Daily Item: Marino, Barletta and Casey deserve 4 more yearsNovember 1st
U.S. Reps. Tom Marino and Lou Barletta, Republicans in the 10th and 11th Congressional Districts, and U.S. Senator Bob Casey, a Democrat, are running for re-election at a time when polls show that public approval of Congress remains persistently low.
Clearly, voters expect all incumbents to do better, if re-elected. Gridlock must give way to compromise, consensus and sharper focus on the common good. We have used our votes all too often to "send a message to Washington." It is time to act.
For that reason, The Daily Item encourages voters to return these experienced legislators to Congress in the Nov. 6 election -- in the expectation that this time they will work better with each other to do what needs to be done for their country.
Marino and Barletta campaigned as outsiders who pledged to represent conservative voices inside the Beltway. They have appeared as blocking linemen in the goal line stance against runaway spending. Message received.
Going forward, our representatives must exercise independence and judgment we know they possess to forge majorities that will blend cutbacks and reform with fairness and compassion to protect and serve the public.
There are a few promising signs.
This week, Congressman Barletta announced, despite some Republican suggestions that emergency management is not really a federal function, that the federal government will provide $15 million to protect two Bloomsburg businesses with a floodwall.
Casey has consistently fought for his constituents and authored well-intentioned legislation. In the era of political gridlock, however, Casey has been unable to guide any of his measures into law.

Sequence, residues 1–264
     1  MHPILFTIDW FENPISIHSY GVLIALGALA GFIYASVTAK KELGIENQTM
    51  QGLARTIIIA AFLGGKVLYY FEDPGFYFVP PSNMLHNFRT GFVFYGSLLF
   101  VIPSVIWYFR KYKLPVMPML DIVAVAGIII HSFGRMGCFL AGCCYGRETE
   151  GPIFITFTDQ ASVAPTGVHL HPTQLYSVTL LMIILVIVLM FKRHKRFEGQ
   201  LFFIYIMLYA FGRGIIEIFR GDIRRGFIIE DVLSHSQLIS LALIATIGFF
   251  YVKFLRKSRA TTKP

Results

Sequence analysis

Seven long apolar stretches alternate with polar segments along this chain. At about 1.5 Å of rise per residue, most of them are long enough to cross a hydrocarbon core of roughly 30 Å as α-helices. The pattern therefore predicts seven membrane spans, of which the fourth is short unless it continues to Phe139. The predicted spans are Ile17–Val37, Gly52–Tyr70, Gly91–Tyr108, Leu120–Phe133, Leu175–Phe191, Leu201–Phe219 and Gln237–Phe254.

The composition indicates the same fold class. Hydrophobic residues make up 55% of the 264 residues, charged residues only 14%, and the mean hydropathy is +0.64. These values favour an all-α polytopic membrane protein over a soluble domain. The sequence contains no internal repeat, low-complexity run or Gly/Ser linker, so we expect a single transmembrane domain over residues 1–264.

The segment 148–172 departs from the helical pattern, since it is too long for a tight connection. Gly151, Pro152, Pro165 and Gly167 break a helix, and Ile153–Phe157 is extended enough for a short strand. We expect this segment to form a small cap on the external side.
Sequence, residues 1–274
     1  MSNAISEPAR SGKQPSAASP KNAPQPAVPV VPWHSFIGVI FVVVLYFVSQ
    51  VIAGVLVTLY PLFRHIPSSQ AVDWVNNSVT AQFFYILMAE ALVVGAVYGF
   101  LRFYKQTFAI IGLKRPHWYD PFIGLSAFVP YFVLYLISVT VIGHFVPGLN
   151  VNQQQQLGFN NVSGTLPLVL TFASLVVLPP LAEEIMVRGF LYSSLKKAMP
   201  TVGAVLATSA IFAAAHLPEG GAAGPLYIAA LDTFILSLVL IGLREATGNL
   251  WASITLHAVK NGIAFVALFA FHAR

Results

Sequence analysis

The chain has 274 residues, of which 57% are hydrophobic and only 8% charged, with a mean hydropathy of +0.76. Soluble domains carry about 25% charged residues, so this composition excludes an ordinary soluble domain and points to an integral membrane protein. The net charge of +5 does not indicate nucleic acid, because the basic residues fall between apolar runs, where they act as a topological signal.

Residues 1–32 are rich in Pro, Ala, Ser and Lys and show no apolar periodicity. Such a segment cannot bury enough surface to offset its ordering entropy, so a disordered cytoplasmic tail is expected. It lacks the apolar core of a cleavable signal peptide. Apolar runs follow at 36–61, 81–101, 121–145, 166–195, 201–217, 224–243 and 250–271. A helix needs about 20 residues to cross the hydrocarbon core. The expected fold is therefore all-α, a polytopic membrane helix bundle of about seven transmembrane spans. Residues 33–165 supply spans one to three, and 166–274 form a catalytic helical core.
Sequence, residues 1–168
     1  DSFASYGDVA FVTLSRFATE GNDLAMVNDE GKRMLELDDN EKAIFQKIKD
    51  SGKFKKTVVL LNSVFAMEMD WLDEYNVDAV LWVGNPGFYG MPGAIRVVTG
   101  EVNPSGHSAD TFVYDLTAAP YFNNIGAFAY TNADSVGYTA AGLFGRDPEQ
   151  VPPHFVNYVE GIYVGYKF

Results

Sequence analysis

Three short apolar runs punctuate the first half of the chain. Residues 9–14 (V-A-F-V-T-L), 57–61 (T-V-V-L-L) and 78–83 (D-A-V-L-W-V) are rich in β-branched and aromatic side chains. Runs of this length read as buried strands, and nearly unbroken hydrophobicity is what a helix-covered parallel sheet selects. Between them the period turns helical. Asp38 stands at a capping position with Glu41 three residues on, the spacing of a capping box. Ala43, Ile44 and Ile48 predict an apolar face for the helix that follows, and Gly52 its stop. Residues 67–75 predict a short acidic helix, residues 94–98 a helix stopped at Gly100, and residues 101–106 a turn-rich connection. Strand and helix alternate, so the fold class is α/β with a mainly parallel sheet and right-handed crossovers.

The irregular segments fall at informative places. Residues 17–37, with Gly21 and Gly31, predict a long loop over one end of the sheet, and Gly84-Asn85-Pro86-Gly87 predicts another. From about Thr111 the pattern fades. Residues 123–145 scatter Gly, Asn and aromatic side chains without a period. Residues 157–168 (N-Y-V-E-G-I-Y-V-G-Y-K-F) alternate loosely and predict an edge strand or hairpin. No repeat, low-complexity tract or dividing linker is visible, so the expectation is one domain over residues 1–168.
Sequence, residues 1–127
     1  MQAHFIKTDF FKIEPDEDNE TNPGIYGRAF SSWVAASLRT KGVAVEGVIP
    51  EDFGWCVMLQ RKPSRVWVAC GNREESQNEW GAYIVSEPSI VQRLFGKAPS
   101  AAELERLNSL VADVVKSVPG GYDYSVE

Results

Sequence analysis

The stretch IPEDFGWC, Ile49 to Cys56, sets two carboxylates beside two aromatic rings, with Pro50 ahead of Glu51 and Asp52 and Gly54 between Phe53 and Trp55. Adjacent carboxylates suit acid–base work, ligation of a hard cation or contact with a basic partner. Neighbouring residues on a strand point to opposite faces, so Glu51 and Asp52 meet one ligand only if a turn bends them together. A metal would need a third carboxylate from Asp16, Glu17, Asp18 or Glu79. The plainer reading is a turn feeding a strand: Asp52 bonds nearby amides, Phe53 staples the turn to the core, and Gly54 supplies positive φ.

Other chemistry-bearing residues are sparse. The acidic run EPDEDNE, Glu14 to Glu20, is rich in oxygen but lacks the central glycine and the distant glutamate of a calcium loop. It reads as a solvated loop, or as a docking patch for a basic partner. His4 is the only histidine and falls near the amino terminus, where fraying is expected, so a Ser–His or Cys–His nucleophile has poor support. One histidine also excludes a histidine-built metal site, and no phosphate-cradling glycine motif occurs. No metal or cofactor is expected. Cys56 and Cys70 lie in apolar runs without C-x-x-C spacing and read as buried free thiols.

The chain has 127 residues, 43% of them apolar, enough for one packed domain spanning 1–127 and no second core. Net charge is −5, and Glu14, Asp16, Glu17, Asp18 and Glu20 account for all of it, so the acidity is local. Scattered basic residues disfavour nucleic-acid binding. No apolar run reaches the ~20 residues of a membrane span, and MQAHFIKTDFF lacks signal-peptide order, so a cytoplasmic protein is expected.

A healthy diversity of views strengthens consensus and compromise. In the Senate, Pennsylvania would be better served by retaining Casey than introducing Republican Tom Smith, a contrarian, who, at best, would function as an echo of Senator Pat Toomey.
America needs leaders who have the intellectual heft and cooperative outlook to move us forward in a timely, positive and thoughtful manner. Sometimes this means using powers of persuasion to show party leaders, interest groups and campaign contributors the better path.
Candidates seeking to unseat these incumbents in Congress have all run mostly laudable campaigns focused on important concerns. Their challenges were appreciated and respected.
In the matchups of experience in public service, successful private and public careers and demonstrated leadership skills, Barletta, Marino and Casey clearly possess superior potential to become the responsible voices Pennsylvanians want and America needs.